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Short-Acting Insulins

    Subcut / IV
    Insulin Aspart
    Subcut / IV
    Neutral Insulin
    Actrapid, Humulin R 
    Given 30 minutes before meals


  • In the context of hyperkalaemia, short-acting insulins such as novorapid and actrapid draw potassium ions into cells and can be used in conjunction with dextrose to acutely treat an elevated serum potassium.
    • Mechanism of Action

    • Insulin is an hormone normally produced by pancreatic beta cells that is responsible for regulation of glucose, fat and protein metabolism.
    • Effects

    • Glucose

    • Increased glycogen synthesis
    • Reduced hepatic glycogenolysis (glycogen breakdown)
    • Reduced hepatic gluconeogenesis (glucose formation)
    • Increased GLUT-4 mediated glucose uptake into adipose tissue and skeletal muscle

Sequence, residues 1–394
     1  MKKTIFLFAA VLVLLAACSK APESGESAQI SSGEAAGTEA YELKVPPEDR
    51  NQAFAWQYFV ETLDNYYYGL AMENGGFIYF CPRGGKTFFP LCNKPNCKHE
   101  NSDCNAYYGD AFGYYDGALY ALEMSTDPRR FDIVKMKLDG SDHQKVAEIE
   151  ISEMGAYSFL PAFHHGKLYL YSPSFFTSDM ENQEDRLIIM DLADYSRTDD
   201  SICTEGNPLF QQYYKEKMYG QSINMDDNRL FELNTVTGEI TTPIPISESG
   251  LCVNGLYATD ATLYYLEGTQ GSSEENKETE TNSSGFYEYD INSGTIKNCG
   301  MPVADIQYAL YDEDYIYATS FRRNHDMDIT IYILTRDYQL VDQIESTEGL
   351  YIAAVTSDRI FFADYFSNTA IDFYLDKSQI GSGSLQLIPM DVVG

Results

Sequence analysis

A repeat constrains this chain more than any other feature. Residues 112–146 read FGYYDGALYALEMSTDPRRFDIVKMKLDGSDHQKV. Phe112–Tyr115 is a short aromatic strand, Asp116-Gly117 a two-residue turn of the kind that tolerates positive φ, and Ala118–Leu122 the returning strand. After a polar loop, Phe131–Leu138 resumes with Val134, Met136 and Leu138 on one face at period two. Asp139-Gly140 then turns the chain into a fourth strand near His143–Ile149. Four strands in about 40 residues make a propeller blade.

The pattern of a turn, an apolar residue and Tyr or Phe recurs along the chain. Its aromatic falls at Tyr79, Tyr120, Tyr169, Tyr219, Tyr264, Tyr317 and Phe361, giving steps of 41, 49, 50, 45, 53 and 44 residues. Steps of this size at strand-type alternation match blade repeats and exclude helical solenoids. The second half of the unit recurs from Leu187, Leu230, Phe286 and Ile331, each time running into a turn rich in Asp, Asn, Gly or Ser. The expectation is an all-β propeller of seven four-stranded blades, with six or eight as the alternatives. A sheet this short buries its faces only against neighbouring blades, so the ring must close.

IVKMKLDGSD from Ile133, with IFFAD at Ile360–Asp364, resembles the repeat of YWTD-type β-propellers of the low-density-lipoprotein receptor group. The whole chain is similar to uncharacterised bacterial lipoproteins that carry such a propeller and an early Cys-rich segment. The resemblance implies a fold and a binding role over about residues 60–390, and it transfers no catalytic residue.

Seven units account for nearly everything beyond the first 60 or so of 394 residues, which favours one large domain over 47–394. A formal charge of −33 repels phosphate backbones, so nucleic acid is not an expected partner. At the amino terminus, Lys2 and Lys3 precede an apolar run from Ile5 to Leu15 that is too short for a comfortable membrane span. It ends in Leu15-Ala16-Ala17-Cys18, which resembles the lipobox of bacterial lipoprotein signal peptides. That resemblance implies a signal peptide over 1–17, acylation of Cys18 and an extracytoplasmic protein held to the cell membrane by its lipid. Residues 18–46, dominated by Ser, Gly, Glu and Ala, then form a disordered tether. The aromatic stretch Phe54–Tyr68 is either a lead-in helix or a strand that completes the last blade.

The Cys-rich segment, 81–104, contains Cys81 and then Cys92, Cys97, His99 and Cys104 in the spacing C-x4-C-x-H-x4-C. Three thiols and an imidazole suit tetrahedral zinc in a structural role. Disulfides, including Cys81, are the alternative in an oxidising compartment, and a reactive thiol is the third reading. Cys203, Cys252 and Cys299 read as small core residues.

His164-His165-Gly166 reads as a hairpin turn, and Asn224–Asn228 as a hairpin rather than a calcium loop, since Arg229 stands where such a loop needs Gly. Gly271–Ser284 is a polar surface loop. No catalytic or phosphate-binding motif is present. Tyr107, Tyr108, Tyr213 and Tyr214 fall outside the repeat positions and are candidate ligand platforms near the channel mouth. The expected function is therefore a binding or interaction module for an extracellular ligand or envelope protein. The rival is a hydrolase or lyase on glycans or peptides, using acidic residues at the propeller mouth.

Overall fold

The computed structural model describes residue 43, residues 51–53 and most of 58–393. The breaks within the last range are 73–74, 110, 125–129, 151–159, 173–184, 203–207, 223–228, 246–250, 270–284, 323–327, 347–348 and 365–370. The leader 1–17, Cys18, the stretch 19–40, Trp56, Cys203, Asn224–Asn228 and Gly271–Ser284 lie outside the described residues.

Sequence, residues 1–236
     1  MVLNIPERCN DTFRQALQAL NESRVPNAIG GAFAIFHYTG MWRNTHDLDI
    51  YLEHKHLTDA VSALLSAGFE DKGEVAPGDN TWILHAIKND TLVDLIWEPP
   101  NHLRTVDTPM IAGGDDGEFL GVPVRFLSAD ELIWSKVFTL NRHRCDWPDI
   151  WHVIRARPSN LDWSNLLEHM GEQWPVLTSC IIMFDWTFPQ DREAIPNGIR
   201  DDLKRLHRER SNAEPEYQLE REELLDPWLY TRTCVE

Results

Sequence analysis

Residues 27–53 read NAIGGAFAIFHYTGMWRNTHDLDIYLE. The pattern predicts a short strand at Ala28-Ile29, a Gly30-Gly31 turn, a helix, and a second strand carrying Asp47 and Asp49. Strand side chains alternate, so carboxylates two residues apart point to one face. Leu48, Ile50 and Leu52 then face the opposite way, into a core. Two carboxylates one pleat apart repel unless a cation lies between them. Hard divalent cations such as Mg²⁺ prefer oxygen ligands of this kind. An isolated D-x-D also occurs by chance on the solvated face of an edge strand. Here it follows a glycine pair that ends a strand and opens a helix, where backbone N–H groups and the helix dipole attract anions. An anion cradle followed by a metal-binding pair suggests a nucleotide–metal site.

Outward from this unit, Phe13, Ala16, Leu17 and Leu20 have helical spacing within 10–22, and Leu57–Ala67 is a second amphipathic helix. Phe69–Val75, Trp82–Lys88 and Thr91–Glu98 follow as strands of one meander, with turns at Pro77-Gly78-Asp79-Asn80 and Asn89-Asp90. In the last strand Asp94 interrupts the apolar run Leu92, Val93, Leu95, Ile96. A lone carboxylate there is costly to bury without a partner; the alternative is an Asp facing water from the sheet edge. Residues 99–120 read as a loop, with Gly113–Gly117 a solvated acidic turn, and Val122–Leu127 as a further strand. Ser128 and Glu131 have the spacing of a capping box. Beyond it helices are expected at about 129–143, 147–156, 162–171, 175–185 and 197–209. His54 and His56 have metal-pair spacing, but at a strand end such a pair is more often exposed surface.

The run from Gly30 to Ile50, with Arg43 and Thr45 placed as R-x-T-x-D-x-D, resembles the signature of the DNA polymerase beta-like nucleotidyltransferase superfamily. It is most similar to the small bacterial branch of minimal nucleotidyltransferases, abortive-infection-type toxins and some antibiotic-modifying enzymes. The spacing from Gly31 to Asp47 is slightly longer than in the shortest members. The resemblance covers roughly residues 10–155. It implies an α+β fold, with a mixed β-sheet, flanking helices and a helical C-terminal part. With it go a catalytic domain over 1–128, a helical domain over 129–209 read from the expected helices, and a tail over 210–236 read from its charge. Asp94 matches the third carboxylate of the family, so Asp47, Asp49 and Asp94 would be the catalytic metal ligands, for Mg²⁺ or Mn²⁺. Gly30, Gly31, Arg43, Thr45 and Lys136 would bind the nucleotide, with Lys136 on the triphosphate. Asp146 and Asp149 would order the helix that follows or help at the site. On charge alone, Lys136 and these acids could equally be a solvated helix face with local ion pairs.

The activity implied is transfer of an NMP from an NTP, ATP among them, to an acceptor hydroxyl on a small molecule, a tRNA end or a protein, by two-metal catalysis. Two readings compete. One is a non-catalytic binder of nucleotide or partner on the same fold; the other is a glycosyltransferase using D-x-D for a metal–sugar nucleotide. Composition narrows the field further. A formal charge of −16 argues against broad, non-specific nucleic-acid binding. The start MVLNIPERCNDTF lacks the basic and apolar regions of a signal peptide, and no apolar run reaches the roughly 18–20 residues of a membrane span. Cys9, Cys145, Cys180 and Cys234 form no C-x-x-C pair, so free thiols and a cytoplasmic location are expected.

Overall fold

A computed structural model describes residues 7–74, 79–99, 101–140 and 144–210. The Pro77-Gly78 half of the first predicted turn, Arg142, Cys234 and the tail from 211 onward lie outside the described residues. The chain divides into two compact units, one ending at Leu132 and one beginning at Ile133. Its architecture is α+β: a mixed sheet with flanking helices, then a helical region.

• Fat

    • Increased triglyceride synthesis
    • Reduced lipolysis
    • Protein

    • Increased amino acid uptake
    • Reduced protein breakdown
    • Potassium

    • Increased cellular potassium uptake

Clinical Use

    • Indications

    • Severe hyperkalaemia
    • Glycaemic control for patients with type I or II diabetes
    • Contraindication

    • Hypoglycaemia.
    • Adverse Effects

    • Hypoglycaemia
    • Weight gain
    • Hypersensitivity reactions
Last updated on August 18th, 2018